Most significantly, the dossier reports a “well-developed conspiracy of co-operation between [Trump and his associates] and the Russian leadership,” including an “intelligence exchange [that] had been running between them for at least 8 years.” There has been significant investigative reporting about long-standing connections between Trump, his associates and Kremlin-affiliated individuals, and Trump himself acknowledged that the purpose of a June 2016 meeting between his son, Donald Trump Jr. and a Kremlin-connected lawyer was to obtain “dirt” on Hillary Clinton. But there is, at present, no evidence in the official record that confirms other direct ties or their relevance to the 2016 presidential campaign.

There’s the knowing support for the hack-and-leak among Trump and his top lackeys.

It does not, however, corroborate the statement in the dossier that the Russian intelligence “operation had been conducted with the full knowledge and support of Trump and senior members of his campaign team.”

There’s Cohen’s Trump Tower deal.

These documents relate to Cohen’s false statements to Congress regarding attempted Trump Organization business dealings in Russia. The details buttress Steele’s reporting to some extent, but mostly run parallel, neither corroborating nor disproving information in the dossier.

There’s Cohen’s role in the hack-and-leak, including his trip to Prague.

Even with the additional detail from the Cohen documents, certain core allegations in the dossier related to Cohen—which, if true, would be of utmost relevance to Mueller’s investigation—remain largely unconfirmed, at least from the unredacted material. Specifically, the dossier reports that there was well-established, continuing cooperation between the Trump campaign and the Kremlin; that Cohen played a central role in the coordination of joint efforts; and that he traveled to Prague to meet with Russian officials and cut-outs.

There’s Papadopoulos, who (as Lawfare admits) doesn’t show up in the dossier; here they argue he could have, without asking why Steele missed him running around London talking to people who traveled in Steele’s circles.

We revisit his case because it resonates with one of the themes of the dossier, which is the extensive Russian outreach effort to an array of individuals connected to the Trump campaign. Steele’s sources reported on alleged interactions between Carter Page and Russian officials, but Papadopoulos’s conduct would have fit right in.

Again, except for the stuff that was publicly known, Lawfare assesses one after another claim from the dossier and finds that Mueller’s investigation has not corroborated the specific claims, even while Mueller has provided ample evidence of something else going on. But that doesn’t stop Lawfare from claiming that Mueller has “confirm[ed] pieces of the dossier.”

The Mueller investigation has clearly produced public records that confirm pieces of the dossier. And even where the details are not exact, the general thrust of Steele’s reporting seems credible in light of what we now know about extensive contacts between numerous individuals associated with the Trump campaign and Russian government officials.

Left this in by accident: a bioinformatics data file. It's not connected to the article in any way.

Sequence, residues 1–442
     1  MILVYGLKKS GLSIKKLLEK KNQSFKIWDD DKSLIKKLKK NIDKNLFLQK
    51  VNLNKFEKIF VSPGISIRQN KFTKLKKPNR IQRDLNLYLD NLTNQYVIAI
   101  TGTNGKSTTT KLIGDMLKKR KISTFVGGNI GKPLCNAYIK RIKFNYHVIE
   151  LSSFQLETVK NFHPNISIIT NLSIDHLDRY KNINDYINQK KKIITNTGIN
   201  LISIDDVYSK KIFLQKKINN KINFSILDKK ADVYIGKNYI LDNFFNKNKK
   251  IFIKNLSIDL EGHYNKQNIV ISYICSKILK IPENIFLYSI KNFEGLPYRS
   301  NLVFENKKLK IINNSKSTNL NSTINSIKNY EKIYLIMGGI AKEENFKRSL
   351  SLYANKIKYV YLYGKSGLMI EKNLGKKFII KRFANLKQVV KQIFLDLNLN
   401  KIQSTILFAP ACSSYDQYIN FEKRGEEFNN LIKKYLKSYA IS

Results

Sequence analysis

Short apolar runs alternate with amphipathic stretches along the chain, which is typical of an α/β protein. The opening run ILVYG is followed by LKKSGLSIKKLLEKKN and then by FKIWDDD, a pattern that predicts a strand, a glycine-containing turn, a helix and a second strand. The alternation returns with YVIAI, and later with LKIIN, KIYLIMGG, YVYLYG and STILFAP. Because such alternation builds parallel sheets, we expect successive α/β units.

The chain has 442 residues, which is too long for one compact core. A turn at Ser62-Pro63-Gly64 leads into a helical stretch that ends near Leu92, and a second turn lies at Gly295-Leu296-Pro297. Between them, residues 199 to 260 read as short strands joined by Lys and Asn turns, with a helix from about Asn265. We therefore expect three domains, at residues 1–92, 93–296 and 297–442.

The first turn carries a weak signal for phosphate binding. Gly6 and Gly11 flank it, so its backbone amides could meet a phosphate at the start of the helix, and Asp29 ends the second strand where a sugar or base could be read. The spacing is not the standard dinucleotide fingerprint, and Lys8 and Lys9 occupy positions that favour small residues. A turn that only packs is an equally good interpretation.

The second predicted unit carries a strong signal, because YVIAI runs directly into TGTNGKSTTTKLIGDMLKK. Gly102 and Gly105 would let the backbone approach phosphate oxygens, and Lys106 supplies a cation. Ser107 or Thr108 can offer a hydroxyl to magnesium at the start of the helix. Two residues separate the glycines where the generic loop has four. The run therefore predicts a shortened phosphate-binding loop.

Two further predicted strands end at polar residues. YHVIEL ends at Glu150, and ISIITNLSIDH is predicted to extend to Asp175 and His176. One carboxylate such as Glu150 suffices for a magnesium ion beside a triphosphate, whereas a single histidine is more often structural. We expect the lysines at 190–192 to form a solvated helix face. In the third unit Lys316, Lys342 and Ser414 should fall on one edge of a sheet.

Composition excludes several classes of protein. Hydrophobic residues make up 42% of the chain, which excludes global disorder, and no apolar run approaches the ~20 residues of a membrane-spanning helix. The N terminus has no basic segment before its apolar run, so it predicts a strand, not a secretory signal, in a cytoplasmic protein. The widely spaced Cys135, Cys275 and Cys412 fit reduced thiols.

However, there is also a good deal in the dossier that has not been corroborated in the official record and perhaps never will be—whether because it’s untrue, unimportant or too sensitive. As a raw intelligence document, the Steele dossier, we believe, holds up well so far. But surely there is more to come from Mueller’s team. We will return to it as the public record develops.

In the end, I actually think Mueller may show that Trump, Stone, and Manafort did abet the hack-and-leak campaign, certainly the later parts of it, and that the Trump Tower deal was a key part of the quid pro quo. That’s aside from anything that Trump did with analytics data made available, if it was. But Mueller has just shown the outlines of where a case in chief might fit thus far. And where has has, those outlines raise one after another question of why Steele missed evidence (like the June 9 meeting) that was literally sitting in front of him. No one is answering those questions in these retrospectives.

One reason this effort, coming from Lawfare, is particularly unfortunate is because of a detail recently disclosed in Comey’s recent testimony to Congress. As you read, remember that this exchange involves Mark Meadows, who is the source of many of the most misleading allegations pertaining to the Russian investigation. In Comey’s first appearance this month (given Comey’s comments after testifying yesterday, I expect we’ll see more of the same today when his transcript is released), Meadows seemed to make much of the fact that Michael Sussman, who works with Marc Elias at Perkins Coie, provided information directly to Lawfare contributor James Baker.

Mr. Meadows. So are you saying that James Baker, your general counsel, who received direct information from Perkins Coie, did so and conveyed that to your team without your knowledge?

Mr. Comey. I don’t know.

Mr. Meadows. What do you mean you don’t know? I mean, did he tell you or not?

Mr. Comey. Oh, I — well —

Mr. Meadows. James Baker, we have testimony that would indicate that he received information directly from Perkins Coie; he had knowledge that they were representing the Democrat National Committee and, indeed, collected that information and conveyed it to the investigative team. Did he tell you that he received that information from them? And I can give you a name if you want to know who he received it from.

Mr. Comey. I don’t remember the name Perkins Coie at all.

Mr. Meadows. What about Michael Sussmann?